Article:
Homepage > MCMC

Bayesian Models

Bayesian uses the concept of prior belief about the parameter $ \theta$ of interest. Then the uncertainty of $ \theta$ changes according to the data $ \mathcal{D}$. Here Bayesian interprets $ \theta$ as a random variable, and the prior belief is given in the form of probability density $ \pi(\theta)$ of $ \theta$. In a Bayesian model we will investigates the postrior density $ \pi(\theta\:\vert\:\mathcal{D})$ of $ \theta$.

Conditional probability. Let $ A$ and $ B$ be two events where $ P(B) \neq 0$. Then the conditional probability of $ A$ given $ B$ can be defined as

$\displaystyle P(A\vert B) = \frac{P(A\cap B)}{P(B)}.

The idea of ``conditioning'' is that ``if we have known that $ B$ has occurred, the sample space should have become $ B$.'' It is often the case that one can use $ P(A\vert B)$ to find

$\displaystyle P(A\cap B) = P(A\vert B)P(B).

Law of total probability. Let $ A$ and $ B$ be two events. Then we can write the probability $ P(A)$ as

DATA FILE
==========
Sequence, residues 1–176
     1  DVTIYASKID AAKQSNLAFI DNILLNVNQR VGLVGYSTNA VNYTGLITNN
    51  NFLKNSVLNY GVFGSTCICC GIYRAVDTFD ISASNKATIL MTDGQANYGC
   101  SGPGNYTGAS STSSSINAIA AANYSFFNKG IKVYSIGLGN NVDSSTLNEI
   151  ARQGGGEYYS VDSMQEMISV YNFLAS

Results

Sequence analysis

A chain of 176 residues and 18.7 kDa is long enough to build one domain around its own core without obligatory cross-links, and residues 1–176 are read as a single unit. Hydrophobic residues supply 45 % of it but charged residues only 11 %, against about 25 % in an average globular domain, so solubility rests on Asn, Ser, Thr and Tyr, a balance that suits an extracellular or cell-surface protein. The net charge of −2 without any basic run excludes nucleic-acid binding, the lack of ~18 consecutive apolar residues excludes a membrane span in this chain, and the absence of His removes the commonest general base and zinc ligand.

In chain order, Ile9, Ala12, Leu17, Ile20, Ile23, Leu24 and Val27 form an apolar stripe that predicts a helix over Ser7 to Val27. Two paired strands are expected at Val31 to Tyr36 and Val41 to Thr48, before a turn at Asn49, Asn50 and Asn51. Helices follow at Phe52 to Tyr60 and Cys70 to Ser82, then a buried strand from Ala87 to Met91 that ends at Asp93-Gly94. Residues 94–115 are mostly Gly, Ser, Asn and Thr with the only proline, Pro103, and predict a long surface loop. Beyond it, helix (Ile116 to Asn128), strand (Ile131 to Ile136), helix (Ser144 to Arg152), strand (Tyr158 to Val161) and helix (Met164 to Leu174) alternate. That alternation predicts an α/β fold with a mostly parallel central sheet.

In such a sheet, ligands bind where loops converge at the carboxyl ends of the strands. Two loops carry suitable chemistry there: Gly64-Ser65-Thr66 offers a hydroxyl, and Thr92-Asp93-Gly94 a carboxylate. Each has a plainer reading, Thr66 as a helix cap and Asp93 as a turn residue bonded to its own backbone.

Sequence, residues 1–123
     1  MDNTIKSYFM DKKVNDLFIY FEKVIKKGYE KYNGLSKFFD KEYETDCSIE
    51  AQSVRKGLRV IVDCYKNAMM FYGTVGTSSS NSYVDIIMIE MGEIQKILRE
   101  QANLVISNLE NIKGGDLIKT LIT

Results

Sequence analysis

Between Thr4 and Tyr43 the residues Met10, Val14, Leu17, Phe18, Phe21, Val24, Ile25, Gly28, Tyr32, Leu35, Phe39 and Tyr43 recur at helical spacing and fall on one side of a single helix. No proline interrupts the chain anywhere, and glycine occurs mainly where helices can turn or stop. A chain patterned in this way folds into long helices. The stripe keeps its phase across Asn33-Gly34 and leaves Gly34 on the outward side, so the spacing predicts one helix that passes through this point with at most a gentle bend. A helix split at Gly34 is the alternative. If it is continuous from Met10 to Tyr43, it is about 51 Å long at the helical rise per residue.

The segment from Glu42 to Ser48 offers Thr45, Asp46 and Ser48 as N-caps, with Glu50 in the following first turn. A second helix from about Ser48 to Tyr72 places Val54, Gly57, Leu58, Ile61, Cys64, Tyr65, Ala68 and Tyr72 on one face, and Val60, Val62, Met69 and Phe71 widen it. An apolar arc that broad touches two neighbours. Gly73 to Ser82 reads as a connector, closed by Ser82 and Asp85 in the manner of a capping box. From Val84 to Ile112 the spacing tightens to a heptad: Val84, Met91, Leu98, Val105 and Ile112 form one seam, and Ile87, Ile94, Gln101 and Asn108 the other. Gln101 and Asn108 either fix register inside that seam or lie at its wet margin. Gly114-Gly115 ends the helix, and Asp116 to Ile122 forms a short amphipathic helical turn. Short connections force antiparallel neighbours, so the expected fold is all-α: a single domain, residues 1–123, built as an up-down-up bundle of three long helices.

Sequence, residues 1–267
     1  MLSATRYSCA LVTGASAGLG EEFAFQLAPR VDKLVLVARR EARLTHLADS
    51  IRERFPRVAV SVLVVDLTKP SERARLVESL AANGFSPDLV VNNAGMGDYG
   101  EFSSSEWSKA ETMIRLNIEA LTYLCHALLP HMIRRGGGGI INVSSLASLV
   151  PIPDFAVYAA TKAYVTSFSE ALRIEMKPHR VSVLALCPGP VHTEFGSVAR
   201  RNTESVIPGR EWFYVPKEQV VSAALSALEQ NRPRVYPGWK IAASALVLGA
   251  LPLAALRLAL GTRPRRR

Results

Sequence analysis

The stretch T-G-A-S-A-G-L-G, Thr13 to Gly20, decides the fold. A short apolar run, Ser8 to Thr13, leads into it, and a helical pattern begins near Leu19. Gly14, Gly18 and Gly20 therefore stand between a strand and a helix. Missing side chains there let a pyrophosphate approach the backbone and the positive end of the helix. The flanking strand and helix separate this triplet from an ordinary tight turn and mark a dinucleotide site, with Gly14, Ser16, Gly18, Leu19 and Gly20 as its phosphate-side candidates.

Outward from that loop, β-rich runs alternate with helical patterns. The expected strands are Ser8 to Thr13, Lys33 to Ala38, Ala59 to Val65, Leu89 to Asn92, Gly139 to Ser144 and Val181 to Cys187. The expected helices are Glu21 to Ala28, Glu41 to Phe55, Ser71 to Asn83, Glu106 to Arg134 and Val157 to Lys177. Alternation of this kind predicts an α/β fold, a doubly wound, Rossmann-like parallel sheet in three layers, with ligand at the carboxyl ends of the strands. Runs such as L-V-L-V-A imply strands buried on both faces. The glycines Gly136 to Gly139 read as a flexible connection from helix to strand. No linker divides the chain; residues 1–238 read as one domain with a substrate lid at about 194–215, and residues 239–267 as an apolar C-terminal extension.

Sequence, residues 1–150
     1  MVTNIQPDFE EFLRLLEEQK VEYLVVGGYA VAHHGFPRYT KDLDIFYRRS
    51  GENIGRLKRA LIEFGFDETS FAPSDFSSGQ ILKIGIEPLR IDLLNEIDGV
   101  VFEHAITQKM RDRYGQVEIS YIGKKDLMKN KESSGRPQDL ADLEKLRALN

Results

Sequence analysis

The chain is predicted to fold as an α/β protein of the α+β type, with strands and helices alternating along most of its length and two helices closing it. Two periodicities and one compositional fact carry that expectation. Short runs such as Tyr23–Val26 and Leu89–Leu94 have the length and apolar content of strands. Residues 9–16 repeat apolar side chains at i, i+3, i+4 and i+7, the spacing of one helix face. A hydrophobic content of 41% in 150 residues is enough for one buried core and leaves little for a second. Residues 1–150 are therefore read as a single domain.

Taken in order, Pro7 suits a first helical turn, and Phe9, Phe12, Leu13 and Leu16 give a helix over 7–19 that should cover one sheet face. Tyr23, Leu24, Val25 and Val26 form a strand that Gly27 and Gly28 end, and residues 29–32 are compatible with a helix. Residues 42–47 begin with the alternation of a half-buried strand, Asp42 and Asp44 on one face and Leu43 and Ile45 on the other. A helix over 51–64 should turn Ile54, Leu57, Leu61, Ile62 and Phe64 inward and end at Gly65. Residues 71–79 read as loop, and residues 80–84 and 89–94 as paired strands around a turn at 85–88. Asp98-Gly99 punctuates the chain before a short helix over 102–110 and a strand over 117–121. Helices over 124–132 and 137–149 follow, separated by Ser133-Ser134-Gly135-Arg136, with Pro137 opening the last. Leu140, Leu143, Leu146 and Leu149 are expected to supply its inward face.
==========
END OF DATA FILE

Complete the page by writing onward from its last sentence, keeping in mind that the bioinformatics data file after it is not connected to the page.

$\displaystyle P(A) = P(A \cap B) + P(A \cap B^c)
= P(A \vert B) P(B) + P(A \vert B^c) P(B^c).

In general, suppose that we have a sequence $ B_1, B_2, \ldots, B_n$ of mutually disjoint events satisfying $ \bigcup_{i=1}^n B_i = \Omega$, where ``mutual disjointness'' means that $ B_i \cap B_j = \emptyset$ for all $ i \neq j$. (The events $ B_1, B_2, \ldots, B_n$ are called ``a partition of $ \Omega$.'') Then for any event $ A$ we have

$\displaystyle P(A) = \sum_{i = 1}^n P(A \cap B_i)
= \sum_{i = 1}^n P(A\vert B_i)P(B_i).

Bayes rule. Let $ A$ and $ B_1, \ldots, B_n$ be events such that the $ B_i$'s are mutually disjoint, $ \bigcup_{i=1}^n B_i = \Omega$ and $ P(B_i) > 0$ for all $ i$. Then

$\displaystyle P(B_j\vert A) = \frac{P(A \cap B_j)}{P(A)}
= \frac{P(A\vert B_j)P(B_j)}{\sum_{i=1}^n P(A\vert B_i)P(B_i)}

is called Bayes rule.

Concept of Independence. Intuitively we would like to say that $ A$ and $ B$ are independent if knowing about one event give us no information about another. That is, $ P(A\vert B) = P(A)$ and $ P(B\vert A) = P(B)$. We say $ A$ and $ B$ are independent if

$\displaystyle P(A\cap B) = P(A)P(B).

This definition is symmetric in $ A$ and $ B$, and allows $ P(A)$ and/or $ P(B)$ to be 0. Furthermore, a collection of events $ A_1, A_2, \ldots, A_n$ is said to be mutually independent if it satisfies

$\displaystyle P(A_{i_1}\cap\cdots\cap A_{i_m}) = P(A_{i_1}) P(A_{i_2}) \cdots

for any subcollection $ A_{i_1}, A_{i_2}, \ldots, A_{i_m}$.

© TTU Mathematics